Training staff and Volunteers: Training should be made available for all Volunteers on
- How to communicate with people with different types of disabilities
- Our accessibility features
- Our evacuation procedures for people with disabilities
- How to give feedback to festival organizers about the event’s accessibility
Tip – use considerate language when talking about disabilities e.g. use “people with disabilities” instead of “disabled people or the disabled”.
Note: one in seven Ontarians has a disability so there’s a good chance that at least one of our festival volunteers has a disability. By taking into account volunteers with disabilities, we can show that accessibility for all participants is important for our events.
Communication Supports: There are many ways to ensure the music, performances, speakers or exhibits at our Festivals are accessible by:
- Booking a person to provide captions for live events
- Booking an Interpreter who is qualified in American Sign Language or in Langes des signes Quebecois.
- Providing volunteers to describe performances to persons with low or no vision
To ensure people with disabilities make an informed decision about attending our Festivals, we will post information about communication support provided in places where we provide general festival information.
Remind Speakers, Performers, Master of Ceremonies and other Presenters to:
- Speak at a normal pace
- Stay within the allotted time
- Make sure there is a clear view of their face and mouth
- Use the microphone at all times
- Use language that is considerate of persons with disabilities
Maps and Information: We can help people make informed decisions about whether our events are accessible by providing detailed information about our accessibility features before our events. Brochures, websites, ads, and maps can include information about accessible toilets, viewing areas, and the location of accessible parking spaces.
Tip – give people access to our emergency and safety information, like maps, evacuation plans, brochures or signs ensuring these are easy to read, see, hear or understand for someone with a disability.
Other Accessibility Considerations: when planning our Festivals we should think about including:
- Dedicated accessibility volunteers- making accessibility concerns the responsibility of our Accessibility Coordinator
- Mobility device charging stations – providing outlets for people with power wheelchairs, scooters and other electronic mobility devices and medical equipment
- Mobility equipment – proving access to wheelchairs, walkers or canes as needed free of charge
- Accessibility information areas – providing spots where people with disabilities can get information on the festival’s accessibility features e.g. Site Headquarters near the entrance. Relevant information should be placed on signs or available in pamphlets throughout the venue. Site Headquarters should have a level pathway and at a height that someone using a wheelchair could access; brochures should be in large print and high contrast formats for people with low vision.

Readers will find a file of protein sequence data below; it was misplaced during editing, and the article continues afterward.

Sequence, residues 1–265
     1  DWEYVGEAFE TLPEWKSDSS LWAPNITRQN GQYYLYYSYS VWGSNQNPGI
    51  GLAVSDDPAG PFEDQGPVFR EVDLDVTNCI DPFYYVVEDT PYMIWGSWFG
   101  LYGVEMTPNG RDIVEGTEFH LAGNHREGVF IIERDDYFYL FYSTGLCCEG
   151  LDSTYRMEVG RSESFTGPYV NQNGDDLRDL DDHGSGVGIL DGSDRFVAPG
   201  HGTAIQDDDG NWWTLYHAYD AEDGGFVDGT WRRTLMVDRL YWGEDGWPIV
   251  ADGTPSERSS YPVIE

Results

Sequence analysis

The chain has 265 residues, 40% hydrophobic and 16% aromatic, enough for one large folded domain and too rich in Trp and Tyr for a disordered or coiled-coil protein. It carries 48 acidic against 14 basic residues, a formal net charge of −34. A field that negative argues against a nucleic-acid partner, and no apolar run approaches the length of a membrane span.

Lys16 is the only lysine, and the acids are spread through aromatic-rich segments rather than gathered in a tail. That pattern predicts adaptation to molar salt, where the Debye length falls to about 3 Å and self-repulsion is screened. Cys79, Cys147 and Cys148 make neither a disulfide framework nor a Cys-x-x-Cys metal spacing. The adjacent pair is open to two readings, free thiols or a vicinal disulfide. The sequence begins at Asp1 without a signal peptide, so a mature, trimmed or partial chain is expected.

- Municipality Accessibility Advisory Committee – consider consulting with the Municipality during the planning phase of our Festivals
Promote our Festivals
Before our Festivals we will tell people about our accessibility features. This will introduce returning festival-goers to new features and will help new festival – goers with disabilities make informed choices.
Our website and Facebook page are the most popular source of information about our accessibility features.
Tip – we try and make accessibility information on our site easy to find and ensure volunteers and organizers are prepared to answer accessibility related questions.
Promoting our accessibility features where we promote our events will let potential festival-goers know their accessibility needs are being seriously considered. e.g. print ads, local news, social media, posters, flyers.
Tweed Elvis Festival 2018
Tweed Music Festivals Inc., producers of the Tweed Elvis Festival strives to address the needs of all our Festival guests. Our site includes:
- Sanitation facilities, accessible seating, charging stations (scooters, wheelchairs, electronic devices, etc.
- Accessible Parking Spaces – placed close to entries and exits, accessible toilets, and ramps
- Public Transportation – posted local routes and schedules for Shuttle Service
- Paths of Travel – wide, even, slip resistant paths without steps or barriers, that lead to all the public areas of the events
- Stages and Seating – visible for someone watching from accessible seating or from a wheelchair
- Food Services and Public Eating Areas – food areas designed so that someone who needs mobility support can easily navigate them. Provide options for people using wheeled mobility devices
- Washrooms and Temporary Toilets – accessible toilets or washrooms at ground level, away from crowds and sound systems
- Rest Areas ad rain/wind/sun shelters – quiet areas and weather shelters
Signs – high-contrast signs in high and low positions and make sure signs use fonts that are readable in all light conditions
- Support Person – a support person can go wherever the person they support goes. Posted admission fees for support persons where general admission information is found
- Service Animals – a person with a disability can be accompanied by their service animal to all areas available to the public
- Training Staff and Volunteers – trained Volunteers who welcome people with disabilities and communicate festival accessibility features
- Maps and Information – information about festivals accessibility features and consideration of people with disabilities in our emergency plans. An accessibility information area is provided.
- Other Accessibility Considerations – dedicated accessibility personnel, information on rent/buy accessible equipment
- Ask for Feedback – collect feedback before, during and after festivals.